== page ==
Researchers at the University of California, Santa Barbara have shown that, under the right circumstances, hydrogen can form multicenter bonds, where one hydrogen atom simultaneously bonds to as many as four or six other atoms. Tested for hydrogen in metal oxides, the discovery could have a broad range of technological impact. The research is available today in the advance online publication of Nature Materials.
Professor Chris G. Van de Walle and Project Scientist Anderson Janotti, both of the Materials Department of the College of Engineering at UC Santa Barbara, have shown that multi-coordinated hydrogen is a likely explanation for electronic conductivity in metal oxides. Metal oxides are widely used in everything from sunscreen to sensors.
Hydrogen, the simplest of the elements (consisting of one proton and one electron) is typically expected to exhibit simple chemistry when forming molecules or solids. Hydrogen atoms almost always form a single bond to just one other atom, leading to a two-center bond with two electrons. Exceptions to the rule are rare; there are only a few cases when hydrogen bonds simultaneously to two other atoms, forming a three-center bond.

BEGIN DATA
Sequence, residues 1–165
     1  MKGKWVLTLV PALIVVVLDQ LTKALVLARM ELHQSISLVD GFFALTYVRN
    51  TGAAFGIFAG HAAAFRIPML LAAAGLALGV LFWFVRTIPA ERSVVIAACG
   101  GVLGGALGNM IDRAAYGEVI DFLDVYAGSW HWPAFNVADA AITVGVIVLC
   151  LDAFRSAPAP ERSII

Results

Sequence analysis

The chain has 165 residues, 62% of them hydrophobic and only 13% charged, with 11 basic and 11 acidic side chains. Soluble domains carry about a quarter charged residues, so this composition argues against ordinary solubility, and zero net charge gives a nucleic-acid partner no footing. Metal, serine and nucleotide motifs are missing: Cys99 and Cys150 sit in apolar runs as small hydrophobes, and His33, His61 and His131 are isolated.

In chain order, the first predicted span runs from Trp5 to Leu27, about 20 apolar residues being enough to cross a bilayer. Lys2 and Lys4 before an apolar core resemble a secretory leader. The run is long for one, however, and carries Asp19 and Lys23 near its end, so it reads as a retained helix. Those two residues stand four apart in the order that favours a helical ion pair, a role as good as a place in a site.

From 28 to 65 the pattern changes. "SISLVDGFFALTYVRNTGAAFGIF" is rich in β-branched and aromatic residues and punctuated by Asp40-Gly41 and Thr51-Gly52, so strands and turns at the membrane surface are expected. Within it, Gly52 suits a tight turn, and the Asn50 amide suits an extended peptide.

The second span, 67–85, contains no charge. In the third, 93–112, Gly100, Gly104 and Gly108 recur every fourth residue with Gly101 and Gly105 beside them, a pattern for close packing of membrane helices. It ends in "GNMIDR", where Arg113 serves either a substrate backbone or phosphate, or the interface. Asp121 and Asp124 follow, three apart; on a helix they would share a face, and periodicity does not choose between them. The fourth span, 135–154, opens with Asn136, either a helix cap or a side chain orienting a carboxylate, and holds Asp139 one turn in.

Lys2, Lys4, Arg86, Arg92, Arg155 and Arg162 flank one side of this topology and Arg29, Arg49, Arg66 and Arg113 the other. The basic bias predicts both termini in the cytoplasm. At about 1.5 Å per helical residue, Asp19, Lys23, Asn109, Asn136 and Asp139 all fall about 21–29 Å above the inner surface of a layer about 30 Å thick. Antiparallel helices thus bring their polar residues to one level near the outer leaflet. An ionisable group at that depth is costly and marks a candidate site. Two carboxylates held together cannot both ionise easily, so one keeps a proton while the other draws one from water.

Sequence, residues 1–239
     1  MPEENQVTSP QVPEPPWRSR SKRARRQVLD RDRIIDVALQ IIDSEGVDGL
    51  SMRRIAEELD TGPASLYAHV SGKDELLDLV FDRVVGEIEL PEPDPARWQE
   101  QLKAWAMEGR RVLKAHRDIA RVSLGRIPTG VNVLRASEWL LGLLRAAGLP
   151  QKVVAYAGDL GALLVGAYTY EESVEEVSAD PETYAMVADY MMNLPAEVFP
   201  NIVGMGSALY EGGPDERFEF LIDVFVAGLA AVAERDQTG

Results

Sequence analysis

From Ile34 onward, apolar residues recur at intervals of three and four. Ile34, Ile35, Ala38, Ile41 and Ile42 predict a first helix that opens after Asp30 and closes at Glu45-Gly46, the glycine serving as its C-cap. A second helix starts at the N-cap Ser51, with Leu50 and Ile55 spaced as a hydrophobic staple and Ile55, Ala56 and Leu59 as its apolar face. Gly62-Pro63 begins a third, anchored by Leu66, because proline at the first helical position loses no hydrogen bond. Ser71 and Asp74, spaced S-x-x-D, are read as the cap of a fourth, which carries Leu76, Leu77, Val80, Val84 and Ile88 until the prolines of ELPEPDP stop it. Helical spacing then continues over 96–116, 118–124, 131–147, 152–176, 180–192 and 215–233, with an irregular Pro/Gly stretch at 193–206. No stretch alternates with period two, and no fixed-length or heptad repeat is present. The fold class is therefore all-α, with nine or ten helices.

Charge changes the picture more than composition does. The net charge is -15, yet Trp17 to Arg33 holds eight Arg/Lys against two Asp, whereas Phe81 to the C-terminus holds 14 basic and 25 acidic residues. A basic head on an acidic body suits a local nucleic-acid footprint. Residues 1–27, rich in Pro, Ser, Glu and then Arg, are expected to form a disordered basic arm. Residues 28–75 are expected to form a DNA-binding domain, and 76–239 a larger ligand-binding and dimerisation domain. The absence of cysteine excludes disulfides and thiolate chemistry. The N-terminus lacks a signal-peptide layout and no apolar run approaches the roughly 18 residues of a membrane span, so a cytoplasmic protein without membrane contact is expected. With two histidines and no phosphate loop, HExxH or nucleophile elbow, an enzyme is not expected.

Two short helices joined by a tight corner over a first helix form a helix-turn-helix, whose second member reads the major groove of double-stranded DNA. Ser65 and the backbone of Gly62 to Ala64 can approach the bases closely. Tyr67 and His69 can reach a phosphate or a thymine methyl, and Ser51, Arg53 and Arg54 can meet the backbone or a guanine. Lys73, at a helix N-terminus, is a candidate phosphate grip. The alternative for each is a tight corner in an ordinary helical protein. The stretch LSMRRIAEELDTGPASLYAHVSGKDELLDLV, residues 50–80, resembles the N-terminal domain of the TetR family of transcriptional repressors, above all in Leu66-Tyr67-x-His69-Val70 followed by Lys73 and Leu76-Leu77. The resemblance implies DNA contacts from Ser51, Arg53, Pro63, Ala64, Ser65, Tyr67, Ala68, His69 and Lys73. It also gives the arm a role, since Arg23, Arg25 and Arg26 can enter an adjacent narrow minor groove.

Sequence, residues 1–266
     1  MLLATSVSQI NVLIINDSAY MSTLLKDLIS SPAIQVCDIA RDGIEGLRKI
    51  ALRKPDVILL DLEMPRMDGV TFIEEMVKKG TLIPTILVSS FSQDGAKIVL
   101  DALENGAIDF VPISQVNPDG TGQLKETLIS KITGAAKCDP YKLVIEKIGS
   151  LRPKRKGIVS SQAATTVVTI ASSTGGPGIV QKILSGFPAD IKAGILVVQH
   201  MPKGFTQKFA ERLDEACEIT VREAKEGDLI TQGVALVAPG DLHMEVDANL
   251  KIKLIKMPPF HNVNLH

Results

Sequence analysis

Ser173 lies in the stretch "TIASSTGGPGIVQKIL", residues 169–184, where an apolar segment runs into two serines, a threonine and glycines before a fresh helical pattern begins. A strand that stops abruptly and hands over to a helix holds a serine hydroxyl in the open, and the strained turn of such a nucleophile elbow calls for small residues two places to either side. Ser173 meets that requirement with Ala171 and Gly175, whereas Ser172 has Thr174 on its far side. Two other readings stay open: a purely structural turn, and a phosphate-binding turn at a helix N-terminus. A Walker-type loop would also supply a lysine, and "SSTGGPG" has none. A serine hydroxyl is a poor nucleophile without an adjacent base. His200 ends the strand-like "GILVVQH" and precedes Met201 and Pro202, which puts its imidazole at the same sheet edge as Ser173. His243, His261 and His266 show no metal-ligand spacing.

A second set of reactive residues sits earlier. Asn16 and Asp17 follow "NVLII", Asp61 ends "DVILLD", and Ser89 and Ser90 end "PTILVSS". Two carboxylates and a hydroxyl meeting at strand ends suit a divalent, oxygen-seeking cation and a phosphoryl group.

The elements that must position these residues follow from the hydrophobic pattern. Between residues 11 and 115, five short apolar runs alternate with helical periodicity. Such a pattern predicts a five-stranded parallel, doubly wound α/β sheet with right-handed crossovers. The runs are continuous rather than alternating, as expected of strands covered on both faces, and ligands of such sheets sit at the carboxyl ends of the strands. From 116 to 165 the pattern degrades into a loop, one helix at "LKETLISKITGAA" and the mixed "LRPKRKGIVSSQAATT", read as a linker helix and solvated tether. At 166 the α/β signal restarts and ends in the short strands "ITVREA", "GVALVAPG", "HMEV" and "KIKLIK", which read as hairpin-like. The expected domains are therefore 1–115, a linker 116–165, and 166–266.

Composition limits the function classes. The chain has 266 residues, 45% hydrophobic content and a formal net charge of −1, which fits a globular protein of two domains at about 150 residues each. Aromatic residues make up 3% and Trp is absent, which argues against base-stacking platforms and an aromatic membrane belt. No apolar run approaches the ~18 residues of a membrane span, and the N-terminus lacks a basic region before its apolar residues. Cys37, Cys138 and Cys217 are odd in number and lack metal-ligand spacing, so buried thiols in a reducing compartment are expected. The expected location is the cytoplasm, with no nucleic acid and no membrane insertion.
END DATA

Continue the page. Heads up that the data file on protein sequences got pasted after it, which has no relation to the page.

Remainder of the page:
Hydrogen can replace an oxygen atom and form a multicenter bond with adjacent metal atoms. For example, in ZnO, hydrogen equally bonds to the four surrounding Zn atoms, becoming fourfold coordinated. These multicenter bonds are highly stable and explain previously puzzling variations in conductivity as a function of temperature and oxygen pressure. The results suggest that hydrogen can be used as a substitutional dopant in oxides, a concept that is counterintuitive and should be of wide interest to researchers.
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